Nordstrom Explores Going Private

June 8, 2017, 4:53 PM UTC

Shares of Nordstrom jumped over 10% on Thursday after the luxury department store operator disclosed it was pursuing a potential sale that would take the company private.

In a statement, the company announced that members of the Nordstrom family—including company co-presidents Blake W. Nordstrom, Peter E. Nordstrom, and Erik B. Nordstrom—have formed a group to explore a potential “going private transaction” that would involve the acquisition of 100% of Nordstrom’s (JWN) outstanding shares. The company’s board has also formed a special committee that would weigh any possible transaction.

The company stressed it couldn’t make any assurances about the potential details of any transaction, nor guarantee that any proposed takeover offer would be accepted by the special committee. The Nordstrom family, which collectively owns 31% of Nordstrom’s shares, says the group it formed hasn’t yet made a proposal.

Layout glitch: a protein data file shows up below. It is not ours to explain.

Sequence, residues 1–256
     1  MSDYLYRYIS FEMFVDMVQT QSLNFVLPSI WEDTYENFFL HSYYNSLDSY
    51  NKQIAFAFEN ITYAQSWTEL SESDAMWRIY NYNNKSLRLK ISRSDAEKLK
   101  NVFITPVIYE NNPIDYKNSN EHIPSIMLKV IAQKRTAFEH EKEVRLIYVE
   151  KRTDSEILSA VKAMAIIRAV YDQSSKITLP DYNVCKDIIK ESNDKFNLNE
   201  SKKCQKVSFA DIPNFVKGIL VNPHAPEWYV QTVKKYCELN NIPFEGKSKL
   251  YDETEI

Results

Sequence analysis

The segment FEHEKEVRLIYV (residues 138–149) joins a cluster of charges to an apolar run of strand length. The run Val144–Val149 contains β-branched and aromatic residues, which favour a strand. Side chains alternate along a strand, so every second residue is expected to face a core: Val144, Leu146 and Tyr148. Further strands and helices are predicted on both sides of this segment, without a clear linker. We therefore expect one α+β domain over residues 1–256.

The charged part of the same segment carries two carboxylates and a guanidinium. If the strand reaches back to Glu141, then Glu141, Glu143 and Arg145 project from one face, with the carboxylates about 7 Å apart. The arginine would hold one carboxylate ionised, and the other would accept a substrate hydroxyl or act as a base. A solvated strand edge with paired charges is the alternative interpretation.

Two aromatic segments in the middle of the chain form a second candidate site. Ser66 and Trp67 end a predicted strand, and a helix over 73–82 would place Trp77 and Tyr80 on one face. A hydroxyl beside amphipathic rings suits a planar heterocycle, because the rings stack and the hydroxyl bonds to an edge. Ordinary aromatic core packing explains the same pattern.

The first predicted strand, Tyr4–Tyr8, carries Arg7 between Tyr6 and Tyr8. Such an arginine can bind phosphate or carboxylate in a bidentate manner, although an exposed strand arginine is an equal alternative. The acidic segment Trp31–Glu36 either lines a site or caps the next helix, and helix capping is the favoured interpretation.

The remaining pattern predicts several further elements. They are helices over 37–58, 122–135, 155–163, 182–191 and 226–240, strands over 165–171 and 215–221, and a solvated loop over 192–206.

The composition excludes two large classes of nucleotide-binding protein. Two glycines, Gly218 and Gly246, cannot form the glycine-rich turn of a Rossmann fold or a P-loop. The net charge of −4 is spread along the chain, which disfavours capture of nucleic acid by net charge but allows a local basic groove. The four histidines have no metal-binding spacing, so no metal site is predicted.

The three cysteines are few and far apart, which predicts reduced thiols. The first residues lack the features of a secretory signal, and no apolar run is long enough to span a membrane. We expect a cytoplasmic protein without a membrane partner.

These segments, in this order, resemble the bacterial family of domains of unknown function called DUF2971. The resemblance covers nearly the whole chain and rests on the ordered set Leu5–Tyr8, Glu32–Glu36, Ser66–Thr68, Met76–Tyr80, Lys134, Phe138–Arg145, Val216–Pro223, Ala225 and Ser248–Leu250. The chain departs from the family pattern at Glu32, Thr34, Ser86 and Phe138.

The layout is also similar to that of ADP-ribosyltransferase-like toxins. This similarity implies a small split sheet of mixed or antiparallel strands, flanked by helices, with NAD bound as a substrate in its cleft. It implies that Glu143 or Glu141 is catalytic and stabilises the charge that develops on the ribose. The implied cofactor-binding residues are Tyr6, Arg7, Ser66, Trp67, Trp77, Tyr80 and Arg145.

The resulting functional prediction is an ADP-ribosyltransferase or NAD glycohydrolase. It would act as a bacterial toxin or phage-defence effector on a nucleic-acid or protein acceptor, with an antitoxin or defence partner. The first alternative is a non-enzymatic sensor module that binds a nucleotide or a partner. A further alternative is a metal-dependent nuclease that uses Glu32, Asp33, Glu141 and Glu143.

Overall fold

Nordstrom, along with other brick-and-mortar department stores, has struggled with poor traffic trends as consumers increasingly ditch the local mall for e-commerce competitors like (AMZN). As Fortune retail reporter Phil Wahba noted in a magazine story earlier this year, as recently as 1999, department stores had total sales of $230 billion. Last year, that was down to $155.5 billion. To add fuel to the fire, department store shares were dinged earlier this week after Macy’s (M) warned gross margins for the year would be lighter than anticipated in February.

If a deal for Nordstrom were to occur, the buyer would acquire a retailer that opened its first store in 1901, called Wallin & Nordstrom, in Seattle. Decades later, Nordstrom debuted on the public markets in 1971 and, two years after that, saw annual sales surpass $100 million as it opened more stores across the West Coast. Today, the company has 344 stores in the U.S., five locations in Canada, and operates e-commerce shops via and It booked $14.5 billion in sales last year, an increase from $14.1 billion in 2015, though profitability declined.

Nordstrom’s market value stands at $7.5 billion as of Thursday afternoon.

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